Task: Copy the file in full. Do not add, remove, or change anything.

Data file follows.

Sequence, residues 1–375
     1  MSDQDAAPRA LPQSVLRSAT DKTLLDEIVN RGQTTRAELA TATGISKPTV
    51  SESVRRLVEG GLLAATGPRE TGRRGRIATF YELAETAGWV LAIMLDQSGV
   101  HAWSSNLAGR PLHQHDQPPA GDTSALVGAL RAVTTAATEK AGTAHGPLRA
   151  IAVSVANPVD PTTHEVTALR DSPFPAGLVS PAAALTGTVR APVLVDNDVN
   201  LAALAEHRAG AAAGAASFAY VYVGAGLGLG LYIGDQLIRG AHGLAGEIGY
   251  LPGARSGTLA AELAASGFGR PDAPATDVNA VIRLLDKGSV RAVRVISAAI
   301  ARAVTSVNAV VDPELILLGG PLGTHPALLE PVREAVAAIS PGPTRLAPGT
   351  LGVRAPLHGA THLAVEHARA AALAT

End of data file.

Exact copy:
Sequence, residues 1–375
     1  MSDQDAAPRA LPQSVLRSAT DKTLLDEIVN RGQTTRAELA TATGISKPTV
    51  SESVRRLVEG GLLAATGPRE TGRRGRIATF YELAETAGWV LAIMLDQSGV
   101  HAWSSNLAGR PLHQHDQPPA GDTSALVGAL RAVTTAATEK AGTAHGPLRA
   151  IAVSVANPVD PTTHEVTALR DSPFPAGLVS PAAALTGTVR APVLVDNDVN
   201  LAALAEHRAG AAAGAASFAY VYVGAGLGLG LYIGDQLIRG AHGLAGEIGY
   251  LPGARSGTLA AELAASGFGR PDAPATDVNA VIRLLDKGSV RAVRVISAAI
   301  ARAVTSVNAV VDPELILLGG PLGTHPALLE PVREAVAAIS PGPTRLAPGT
   351  LGVRAPLHGA THLAVEHARA AALAT